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Rethinking Climate Change Solutions



The climate emergency requires climate solutions. And fast! There are lots of different proposals floating around – some of which don’t even exist yet, and probably never will. So, it’s easy to get confused about which direction is best. Now though, a new analysis suggests that 90% of the job could be achieved by just a handful of disruptive technologies that are very real indeed, and are already either disrupting their markets or are poised to do so. We just need to choose to embrace them!

One of the most fascinating and exhilirating writings comes from the team at Rethink X which states:

We are on the cusp of the fastest, deepest, most consequential transformation of human civilization in history, a transformation every bit as significant as the move from foraging to cities and agriculture 10,000 years ago.

During the 2020s, key technologies will converge to completely disrupt the five foundational sectors that underpin the global economy, and with them every major industry in the world today. The knock-on effects for society will be as profound as the extraordinary possibilities that emerge.

In information, energy, food, transportation, and materials, costs will fall by 10x or more, while production processes an order of magnitude (10x) more efficient will use 90% fewer natural resources with 10x-100x less waste. The prevailing production system will shift away from a model of centralized extraction and the breakdown of scarce resources that requires vast physical scale and reach, to a model of localized creation from limitless, ubiquitous building blocks – a world built not on coal, oil, steel, livestock, and concrete but on photons, electrons, DNA, molecules and (q)bits. Product design and development will be performed collaboratively over information networks while physical production and distribution will be fulfilled locally. As a result, geographic advantage will be eliminated as every city or region becomes self-sufficient. This new creation-based production system, which will be built on technologies we are already using today, will be far more equitable, robust, and resilient than any we have ever seen. We have the opportunity to move from a world of extraction to one of creation, a world of scarcity to one of plenitude, a world of inequity and predatory competition to one of shared prosperity and collaboration.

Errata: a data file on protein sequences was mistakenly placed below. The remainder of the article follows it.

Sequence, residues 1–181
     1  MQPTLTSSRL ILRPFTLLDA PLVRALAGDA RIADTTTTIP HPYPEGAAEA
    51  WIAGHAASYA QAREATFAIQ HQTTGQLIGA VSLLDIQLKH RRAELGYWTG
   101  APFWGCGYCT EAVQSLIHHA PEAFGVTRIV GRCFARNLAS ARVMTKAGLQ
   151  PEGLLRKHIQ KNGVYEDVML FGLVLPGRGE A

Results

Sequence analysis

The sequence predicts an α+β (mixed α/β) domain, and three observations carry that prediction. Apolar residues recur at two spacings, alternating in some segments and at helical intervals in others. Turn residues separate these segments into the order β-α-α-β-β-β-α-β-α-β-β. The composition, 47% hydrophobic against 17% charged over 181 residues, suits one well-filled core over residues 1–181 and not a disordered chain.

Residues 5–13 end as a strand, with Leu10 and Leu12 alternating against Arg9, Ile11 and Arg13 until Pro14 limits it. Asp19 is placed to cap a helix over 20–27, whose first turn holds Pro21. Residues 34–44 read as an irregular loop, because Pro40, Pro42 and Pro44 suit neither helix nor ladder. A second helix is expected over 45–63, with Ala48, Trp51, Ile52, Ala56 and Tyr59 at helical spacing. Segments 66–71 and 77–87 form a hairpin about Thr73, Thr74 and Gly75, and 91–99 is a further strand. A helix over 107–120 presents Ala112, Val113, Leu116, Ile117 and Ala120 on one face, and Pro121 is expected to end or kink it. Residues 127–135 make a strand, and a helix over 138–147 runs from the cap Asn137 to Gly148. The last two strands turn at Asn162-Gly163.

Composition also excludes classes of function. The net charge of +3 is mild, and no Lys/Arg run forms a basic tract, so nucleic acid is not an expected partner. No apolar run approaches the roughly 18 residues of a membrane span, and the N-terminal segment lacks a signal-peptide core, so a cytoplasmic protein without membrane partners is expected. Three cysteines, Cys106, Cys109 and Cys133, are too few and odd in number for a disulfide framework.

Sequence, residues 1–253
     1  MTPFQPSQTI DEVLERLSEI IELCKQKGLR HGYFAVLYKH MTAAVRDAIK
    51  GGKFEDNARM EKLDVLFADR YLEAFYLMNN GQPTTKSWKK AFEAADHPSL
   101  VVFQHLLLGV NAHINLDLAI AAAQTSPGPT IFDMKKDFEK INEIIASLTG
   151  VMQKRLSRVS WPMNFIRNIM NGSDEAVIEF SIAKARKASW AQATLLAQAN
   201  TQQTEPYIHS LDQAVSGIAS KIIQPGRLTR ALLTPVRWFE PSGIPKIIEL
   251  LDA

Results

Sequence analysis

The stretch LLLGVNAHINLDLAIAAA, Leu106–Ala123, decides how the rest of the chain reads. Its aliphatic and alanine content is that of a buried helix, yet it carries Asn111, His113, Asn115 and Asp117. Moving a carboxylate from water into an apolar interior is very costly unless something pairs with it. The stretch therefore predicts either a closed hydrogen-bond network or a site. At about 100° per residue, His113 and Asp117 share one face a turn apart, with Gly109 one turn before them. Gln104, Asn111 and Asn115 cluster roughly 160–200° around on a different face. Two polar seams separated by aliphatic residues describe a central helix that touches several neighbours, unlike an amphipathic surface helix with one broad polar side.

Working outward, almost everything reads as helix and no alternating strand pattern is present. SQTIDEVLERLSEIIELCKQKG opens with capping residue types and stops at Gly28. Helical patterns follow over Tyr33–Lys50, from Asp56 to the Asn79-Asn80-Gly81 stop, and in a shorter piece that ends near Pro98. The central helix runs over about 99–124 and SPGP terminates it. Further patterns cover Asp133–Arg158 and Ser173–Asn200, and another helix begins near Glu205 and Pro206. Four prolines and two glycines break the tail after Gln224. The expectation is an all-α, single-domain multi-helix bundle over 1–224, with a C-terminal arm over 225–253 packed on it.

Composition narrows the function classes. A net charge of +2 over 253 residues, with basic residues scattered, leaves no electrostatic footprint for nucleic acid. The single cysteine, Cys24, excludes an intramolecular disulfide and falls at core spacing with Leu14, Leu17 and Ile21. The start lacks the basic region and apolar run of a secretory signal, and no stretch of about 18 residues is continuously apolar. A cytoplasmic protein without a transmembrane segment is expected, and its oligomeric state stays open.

This is not, then, another Industrial Revolution, but a far more fundamental shift. This is the beginning of the third age of humankind – the Age of Freedom.

The possibilities that open up in this new age are truly extraordinary. Within 10-15 years, everyone on the planet could have access to the ‘American Dream’ for a few hundred dollars a month. For the first time in history, poverty could be overcome easily. Access to all our basic needs – food, energy, transportation, information, and shelter – could become a fundamental human right. Armed conflict, often driven by the need to access and control scarce resources, could become largely unnecessary. Climate change and environmental degradation, caused by production processes that take no account of the destruction they wreak on the natural world, could be overcome by a new production system delivering zero-carbon energy, transportation, and food with marginal waste. This could allow us to restore the integrity of the planet’s natural systems and help mitigate the impact of our unsustainable actions on human health. We may, ultimately, be able to escape toil and drudgery entirely and, for the first time in history, achieve real freedom – the freedom to spend our time creatively, unburdened by financial precariousness and the need to provide for ourselves and our families. Never before has humanity seen such an astonishing array of possibilities opened up in such a short period of time.